Behind the Box Score, where the Bulls were Del Negro'd again

Phoenix 111, Chicago 105

Probably a season-killer for Chicago. Though most wrote them out of the postseason a few weeks ago, the team had a chance to finish a half-game up in the playoff bracket after Tuesday had the Bobcats downed a flighty Toronto Raptor team in Charlotte on Monday, and had Chicago hung in there to win against the Suns.

Instead, two close games went the wrong way for the Bulls, and the team is a game and a half out of the playoffs with eight to play.

And not eight to play for the Cavs or Magic or Lakers. The Bulls have to play those eight games themselves, so we're not expecting much.

Steve Nash(notes) took over the contest late, destroying Jannero Pargo(notes) (why was Jannero Pargo guarding him? Why didn't Acie Law(notes) play more than four minutes?) down the stretch as the Suns took the close one. On the other end, Pargo was taking shots late for Chicago, and I couldn't tell you why.

Pargo was 5-for-15 shooting (ohfer four in the fourth) and scored 12 points and was just about as bad as any basketball player in the land on Tuesday. I understand that Law has had a pretty miserable pro career to this point, but he's played quite well as a Bull (17.6 points, over four assists, 46.7 percent shooting for every 36 minutes he plays; compared to 15.5 and four with 34.7 - ! - shooting for Pargo for every 36); but the Chicago coaching staff tends not to rely on statistical documentation or in-person observations.

Instead, they like people you've kind of heard of. Like Pargo.

Not to take away from the Suns, who appeared to drag a bit defensively at times, and are clearly missing Robin Lopez(notes) (oh, we all miss Robin Lopez), but put together a fine road effort in the win.

Nash had 20 points, and Jason Richardson(notes) added 27; though the Phoenix bench was pretty iffy in the win.


Indiana 102, Sacramento 95

Sacto didn't have the wings to stay with Danny Granger(notes) in the second half, either in delayed transition or the half-court sets, and Granger was getting good clearance on his jumper and went off. The Pacer swingman had 25 quiet-ish points, 33 overall, as Indiana came back to top a Kings team that had them somewhat on the ropes in the first half.

Though the Kings pulled in a healthy chunk of available offensive rebounds, they just weren't hitting shots at the same rate, and I don't think the up-tempo pace (97 possessions) agreed with them.

If I were the Pacers, I'd let T.J. Ford(notes) weasel back home for the rest of the season.


Oklahoma City 111, Philadelphia 93

Concentration, honestly, seems to be a factor with the Philadelphia 76ers.

Eddie Jordan's team rushes shots, and it acts distracted and/or hesitant on shots that they should have plenty of time to follow through on and toss in. Add to the fact that the Sixers turned it over on 18 percent of their possessions, and you have the recipe for a safe Thunder win.

Things didn't always feel so warm for OKC. Philadelphia hung around, Andre Iguodala(notes) on the outside and Elton Brand(notes) on the inside, but the shots stopped falling as the third quarter dwindled and the fourth quarter took off. A quick 12 off the bench for James Harden(notes) in 21 minutes, 26 points for Kevin Durant(notes) (though he didn't even score in his six minute fourth quarter stint), and Serge Ibaka(notes) (10 and seven in 21 minutes) continues to get better with each passing game.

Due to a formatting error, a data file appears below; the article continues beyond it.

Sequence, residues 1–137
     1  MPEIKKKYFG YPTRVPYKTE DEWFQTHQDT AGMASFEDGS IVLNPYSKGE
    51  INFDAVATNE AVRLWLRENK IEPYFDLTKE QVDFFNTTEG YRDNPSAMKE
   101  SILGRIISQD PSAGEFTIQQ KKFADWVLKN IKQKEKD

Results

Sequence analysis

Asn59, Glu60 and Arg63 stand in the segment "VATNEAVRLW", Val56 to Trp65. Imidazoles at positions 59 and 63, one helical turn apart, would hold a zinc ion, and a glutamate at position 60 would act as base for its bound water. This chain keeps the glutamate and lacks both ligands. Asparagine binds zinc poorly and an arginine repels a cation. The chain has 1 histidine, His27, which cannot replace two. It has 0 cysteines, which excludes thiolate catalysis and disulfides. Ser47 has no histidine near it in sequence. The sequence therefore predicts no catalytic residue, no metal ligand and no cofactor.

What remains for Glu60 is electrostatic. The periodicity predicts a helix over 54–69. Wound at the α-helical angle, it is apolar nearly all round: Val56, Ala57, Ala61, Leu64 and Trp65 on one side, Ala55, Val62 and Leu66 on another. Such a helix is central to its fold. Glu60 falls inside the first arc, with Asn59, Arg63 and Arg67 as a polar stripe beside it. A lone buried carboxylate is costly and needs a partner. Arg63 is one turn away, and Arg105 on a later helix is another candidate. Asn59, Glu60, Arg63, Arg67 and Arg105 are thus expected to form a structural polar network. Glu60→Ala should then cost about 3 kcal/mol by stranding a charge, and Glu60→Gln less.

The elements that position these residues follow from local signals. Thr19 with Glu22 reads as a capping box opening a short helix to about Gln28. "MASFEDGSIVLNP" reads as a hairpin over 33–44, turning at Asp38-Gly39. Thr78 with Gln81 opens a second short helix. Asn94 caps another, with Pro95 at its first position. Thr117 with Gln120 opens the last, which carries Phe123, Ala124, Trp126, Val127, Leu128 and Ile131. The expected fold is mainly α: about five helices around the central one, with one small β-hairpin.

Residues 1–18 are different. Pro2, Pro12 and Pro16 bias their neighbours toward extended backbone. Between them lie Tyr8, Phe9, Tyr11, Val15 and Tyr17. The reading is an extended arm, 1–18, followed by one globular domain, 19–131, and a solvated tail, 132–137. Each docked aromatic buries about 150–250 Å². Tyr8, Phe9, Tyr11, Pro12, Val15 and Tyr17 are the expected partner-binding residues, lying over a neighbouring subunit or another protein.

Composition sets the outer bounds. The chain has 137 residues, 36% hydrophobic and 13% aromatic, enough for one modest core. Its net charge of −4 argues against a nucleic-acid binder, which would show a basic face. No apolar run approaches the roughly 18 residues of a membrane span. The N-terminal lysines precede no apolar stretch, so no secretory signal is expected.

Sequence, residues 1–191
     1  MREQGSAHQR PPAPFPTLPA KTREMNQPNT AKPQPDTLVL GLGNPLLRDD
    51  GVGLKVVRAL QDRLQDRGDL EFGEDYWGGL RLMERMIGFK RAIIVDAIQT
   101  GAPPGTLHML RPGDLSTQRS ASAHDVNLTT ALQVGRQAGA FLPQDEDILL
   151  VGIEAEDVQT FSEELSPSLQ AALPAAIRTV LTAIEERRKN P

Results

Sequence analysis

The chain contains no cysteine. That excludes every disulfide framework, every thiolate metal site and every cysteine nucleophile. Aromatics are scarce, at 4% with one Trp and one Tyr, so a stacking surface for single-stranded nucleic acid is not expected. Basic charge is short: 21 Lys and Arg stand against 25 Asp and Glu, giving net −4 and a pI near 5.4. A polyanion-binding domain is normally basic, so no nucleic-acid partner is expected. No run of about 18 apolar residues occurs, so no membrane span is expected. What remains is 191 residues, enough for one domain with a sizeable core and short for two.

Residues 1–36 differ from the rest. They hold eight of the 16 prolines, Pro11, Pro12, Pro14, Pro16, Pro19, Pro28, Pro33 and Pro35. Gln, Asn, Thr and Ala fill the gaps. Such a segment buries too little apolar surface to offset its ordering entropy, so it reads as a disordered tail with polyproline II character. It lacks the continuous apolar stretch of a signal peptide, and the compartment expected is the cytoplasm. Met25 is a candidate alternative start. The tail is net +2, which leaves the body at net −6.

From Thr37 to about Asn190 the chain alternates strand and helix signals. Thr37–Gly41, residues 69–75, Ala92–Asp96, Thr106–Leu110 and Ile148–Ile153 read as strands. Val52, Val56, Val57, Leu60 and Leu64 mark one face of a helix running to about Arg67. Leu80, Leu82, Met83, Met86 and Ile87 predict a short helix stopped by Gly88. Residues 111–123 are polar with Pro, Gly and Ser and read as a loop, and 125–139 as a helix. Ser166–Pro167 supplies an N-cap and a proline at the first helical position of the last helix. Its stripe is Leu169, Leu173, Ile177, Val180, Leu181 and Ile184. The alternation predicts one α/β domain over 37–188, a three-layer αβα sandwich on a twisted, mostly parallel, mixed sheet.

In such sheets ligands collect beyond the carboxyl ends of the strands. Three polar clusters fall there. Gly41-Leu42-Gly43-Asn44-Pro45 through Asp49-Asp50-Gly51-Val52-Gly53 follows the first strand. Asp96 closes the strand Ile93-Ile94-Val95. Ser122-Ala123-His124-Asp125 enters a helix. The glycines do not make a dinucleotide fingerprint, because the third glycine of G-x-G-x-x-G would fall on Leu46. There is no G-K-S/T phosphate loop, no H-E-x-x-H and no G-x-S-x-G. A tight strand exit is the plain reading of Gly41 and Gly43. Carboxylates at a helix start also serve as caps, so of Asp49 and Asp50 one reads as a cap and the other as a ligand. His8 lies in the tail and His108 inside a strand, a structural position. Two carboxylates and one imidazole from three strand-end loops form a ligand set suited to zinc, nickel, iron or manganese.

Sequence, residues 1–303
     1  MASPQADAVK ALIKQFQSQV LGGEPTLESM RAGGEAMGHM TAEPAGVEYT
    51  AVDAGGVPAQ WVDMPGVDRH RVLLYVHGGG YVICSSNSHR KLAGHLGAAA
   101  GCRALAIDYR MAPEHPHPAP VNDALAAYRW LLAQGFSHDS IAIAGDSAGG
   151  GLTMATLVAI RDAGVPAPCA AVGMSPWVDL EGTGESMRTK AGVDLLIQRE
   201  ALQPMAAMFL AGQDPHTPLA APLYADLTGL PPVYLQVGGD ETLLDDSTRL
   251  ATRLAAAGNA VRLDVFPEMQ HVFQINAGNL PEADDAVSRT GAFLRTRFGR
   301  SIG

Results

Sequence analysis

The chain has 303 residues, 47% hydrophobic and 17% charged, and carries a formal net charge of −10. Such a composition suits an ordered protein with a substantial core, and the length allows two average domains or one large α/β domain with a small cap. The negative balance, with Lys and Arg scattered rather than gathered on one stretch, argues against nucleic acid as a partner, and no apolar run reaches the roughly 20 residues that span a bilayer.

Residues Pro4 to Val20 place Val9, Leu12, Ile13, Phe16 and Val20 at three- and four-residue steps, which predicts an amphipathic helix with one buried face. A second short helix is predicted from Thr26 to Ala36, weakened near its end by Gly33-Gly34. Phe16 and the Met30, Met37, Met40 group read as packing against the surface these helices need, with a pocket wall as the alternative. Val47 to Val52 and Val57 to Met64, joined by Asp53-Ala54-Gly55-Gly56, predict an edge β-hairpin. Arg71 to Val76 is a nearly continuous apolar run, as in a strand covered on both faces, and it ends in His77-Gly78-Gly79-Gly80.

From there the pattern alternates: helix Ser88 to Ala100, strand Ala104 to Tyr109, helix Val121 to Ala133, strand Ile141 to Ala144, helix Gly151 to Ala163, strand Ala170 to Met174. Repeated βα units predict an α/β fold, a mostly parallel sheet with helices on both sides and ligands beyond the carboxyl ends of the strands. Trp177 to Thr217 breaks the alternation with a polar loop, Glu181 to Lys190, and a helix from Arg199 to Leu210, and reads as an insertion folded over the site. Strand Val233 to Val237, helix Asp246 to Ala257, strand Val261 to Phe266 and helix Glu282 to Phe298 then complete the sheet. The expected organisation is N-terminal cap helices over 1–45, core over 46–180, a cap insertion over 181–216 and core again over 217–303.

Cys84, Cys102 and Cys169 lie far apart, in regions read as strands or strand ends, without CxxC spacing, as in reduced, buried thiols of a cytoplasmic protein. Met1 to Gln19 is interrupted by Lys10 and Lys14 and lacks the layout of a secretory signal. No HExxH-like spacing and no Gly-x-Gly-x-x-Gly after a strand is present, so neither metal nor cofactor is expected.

Apologies for cherry-picking, but if you take away Russell Westbrook's(notes) fabulous 10-13 night against the Lakers from last Friday, he's shooting 30 percent (18 of 60) over his last six games.


Milwaukee 107, Los Angeles Clippers 89

The Bucks really piled up the points against the Clippers, as 121 points per 100 possessions is quite a bit for them, and the Clips just didn't have the depth to hang. Los Angeles did its part to try by getting to the line more and crashing the offensive glass, but even with Baron Davis(notes) (left in El Lay with back spasms), it's hard to see the Clippers pulling this one off.

With John Salmons(notes) (3-for-12) struggling to find his shot, Ersan Ilyasova(notes) and Jerry Stackhouse(notes) combined for 36 points off the bench on 15-24 shooting, moving into open spaces and catching the Clippers acting all Clipper-y. Los Angeles also had trouble converting in the few transition opportunities it was afforded from Milwaukee's good shooting.


Houston 98, Washington 94

It says Andray Blatche(notes) made 13 of 23 shots, and I promise I'm not piling on because of his (bad) move from last week, but I swear this man takes the worst shots in the NBA at this point. Pargos included. And I'm not overreacting to his missed game-changer down the stretch of this Washington loss. You think he's going to give up on the possession, clearly beat, but ... nope. Still going up.

Blatche had 31 points, but the Wizards took it again. Chase Budinger(notes) surprised Mike Miller(notes) by not needing an extra dribble or step after coming off a screen to nail a jump shot (you used to not need that extra step, Mike; although you don't shoot anymore), the rookie scored 24 points and the Rockets rolled.

Kyle Lowry(notes) helped keep things together in the second half for Houston, making up for an awful night from Trevor Ariza(notes) (missed all seven shots, though I doubt this will be the "STOP SHOOTING" wake-up call we've been begging for since November), and the fact that Houston had to start Jermaine Taylor(notes) with Kevin Martin(notes) out.

Taylor wasn't awful, 14 points on 13 shots, but with Aaron Brooks(notes) struggling again (missing 15 shots in 20 attempts), every bit of help was needed. Also, Jordan Hill(notes) remains a terrible defender.

Earl Boykins(notes) missed two of three free throws after being fouled on a three-point attempt with a few minutes left, and that? That would have helped.